50 Nights Of Anti-Racist Protests And Police Violence In Portland

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Above photo: Militarized police in Oregon, without apparent provocation, though there were approximately 200 to 300 protesters demonstrating, police scattered gas and crowd control munitions throughout Downtown Portland. July 16, 2020. Beth Nakamura/Staff Oregon Live.

Police Use Tear Gas In Violent Response.

In Portland, on July 16, protesters held their 50th straight night of demonstrations against police violence and racism. Oregon Live reportsFederal officers responded to one late-night demonstration downtown by using gas, smoke and impact munitions to press protesters away from two federal buildings.”

Oregon Governor Kate Brown and Portland Mayor Ted Wheeler called on federal officers to leave Portland, but they remain and continue to use aggressive and violent tactics. Brown called the deployment of federal officers “political theater” and a “blatant abuse of power by the federal government.”

Department of Homeland Security Secretary Chad Wolf traveled to Portland to meet with federal law enforcement officials. Wolf issued a statement condemning the actions of some protesters during the seven weeks of demonstrations and said local and state elected leaders are failing to address the protests. Within hours of his arrival, police violence escalated.

Oregon Live reports, “About 200 protesters marched to an East Burnside precinct where police and sheriff’s deputies work, the latest of many protests during the day. Officers blockaded entrances to the building, and several officers in riot gear stood posted outside. People chanted, ‘Who do you protect? Who do you serve?'” Police claimed they feared the building would be burned down and ordered the crowd to disperse at 10 pm. People remained chanting, “Quit your job.” In response to the order to disperse, the crowd grew to 300 with protesters holding lids lined with tin foil to reflect light back to the police. 

Some people in the crowd also shined flashlights or lasers toward police. Support vans, one supplying snacks and one providing medical care, arrived.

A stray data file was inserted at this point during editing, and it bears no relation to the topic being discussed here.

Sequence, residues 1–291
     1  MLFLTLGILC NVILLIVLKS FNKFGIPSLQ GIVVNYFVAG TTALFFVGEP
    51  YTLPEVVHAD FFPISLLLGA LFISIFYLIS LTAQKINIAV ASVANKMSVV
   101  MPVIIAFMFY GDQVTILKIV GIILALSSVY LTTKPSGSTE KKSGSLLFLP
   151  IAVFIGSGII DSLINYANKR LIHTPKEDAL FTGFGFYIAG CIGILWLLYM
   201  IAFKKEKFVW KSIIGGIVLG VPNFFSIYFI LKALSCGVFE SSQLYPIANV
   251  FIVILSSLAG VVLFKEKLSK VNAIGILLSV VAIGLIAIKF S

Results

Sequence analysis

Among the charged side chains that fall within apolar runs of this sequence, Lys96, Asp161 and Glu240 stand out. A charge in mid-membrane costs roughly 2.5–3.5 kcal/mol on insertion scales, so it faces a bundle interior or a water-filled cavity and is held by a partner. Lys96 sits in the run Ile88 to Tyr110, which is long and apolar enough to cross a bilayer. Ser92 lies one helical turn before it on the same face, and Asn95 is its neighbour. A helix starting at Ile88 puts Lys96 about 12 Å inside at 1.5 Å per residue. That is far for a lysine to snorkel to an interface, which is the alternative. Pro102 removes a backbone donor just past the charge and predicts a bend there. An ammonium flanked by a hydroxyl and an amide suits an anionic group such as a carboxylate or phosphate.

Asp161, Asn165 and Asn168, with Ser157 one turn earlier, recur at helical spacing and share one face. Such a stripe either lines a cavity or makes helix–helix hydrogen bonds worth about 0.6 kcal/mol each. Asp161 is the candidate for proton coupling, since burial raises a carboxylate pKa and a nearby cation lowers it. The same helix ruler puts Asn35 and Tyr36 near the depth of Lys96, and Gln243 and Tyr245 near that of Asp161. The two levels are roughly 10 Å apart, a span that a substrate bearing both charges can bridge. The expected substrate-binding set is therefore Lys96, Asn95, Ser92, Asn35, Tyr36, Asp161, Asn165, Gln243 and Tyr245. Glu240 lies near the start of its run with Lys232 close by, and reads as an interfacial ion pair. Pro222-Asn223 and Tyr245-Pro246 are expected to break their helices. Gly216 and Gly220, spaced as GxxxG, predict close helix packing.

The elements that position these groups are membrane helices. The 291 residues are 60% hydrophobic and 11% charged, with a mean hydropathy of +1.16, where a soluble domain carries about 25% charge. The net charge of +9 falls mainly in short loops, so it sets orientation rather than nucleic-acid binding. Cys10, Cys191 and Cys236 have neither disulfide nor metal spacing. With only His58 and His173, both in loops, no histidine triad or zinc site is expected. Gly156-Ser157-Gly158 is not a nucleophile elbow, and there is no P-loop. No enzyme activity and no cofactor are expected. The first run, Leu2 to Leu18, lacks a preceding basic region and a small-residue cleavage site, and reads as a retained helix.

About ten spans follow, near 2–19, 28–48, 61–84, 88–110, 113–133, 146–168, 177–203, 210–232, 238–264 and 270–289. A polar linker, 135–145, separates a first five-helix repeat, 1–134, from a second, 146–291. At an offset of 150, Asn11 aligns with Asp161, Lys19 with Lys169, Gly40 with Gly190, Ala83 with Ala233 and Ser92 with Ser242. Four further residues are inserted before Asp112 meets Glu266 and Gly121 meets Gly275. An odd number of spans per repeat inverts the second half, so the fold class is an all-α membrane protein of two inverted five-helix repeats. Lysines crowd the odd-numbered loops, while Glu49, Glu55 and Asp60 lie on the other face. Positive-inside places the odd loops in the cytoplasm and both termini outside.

A live stream showed police using tear gas and other weapons.

At the same time, a smaller number of protesters gathered outside the federal courthouse and county jail, which have been at the center of nightly protests. Demonstrators moved to establish an encampment in a park across the street from the federal courthouse. Federal law enforcement responded to these protests with impact weapons and tear gas.

The crowd began to grow and by 11:15 p.m., more than one dozen officers, wearing either blue or camouflage uniforms, were posted near the building entrance. Two dozen more officers soon streamed out of the building to join them. As 11:30 pm approached, officers began firing projectiles into the crowd and advancing toward the protesters.  Protesters pushed back and police set off devices that made loud noises and released gas, smoke, and flashes. By midnight, most federal officers wearing camouflage appeared to have retreated.

Oregon Live reports “at least 18 people were booked into jail Friday morning on accusations often associated with protests, including interfering with officers and disorderly conduct.” Included was  Andrew Jankowski, a freelance journalist, whose arrest was captured on video by another journalist, Nicholas Lee, despite police efforts to prevent him from filming with blinding light pointed at him. Jankowski was arrested despite telling the police he was wearing a press pass and despite a preliminary injunction extended to Oct. 30, barring police from arresting or threatening journalists or legal observers.

The deployment of unmarked federal police who appear to be operating independently of the local authorities is of great concern. If this is allowed to happen in Portland, it can happen anywhere and severely inhibit First Amendment rights to protest.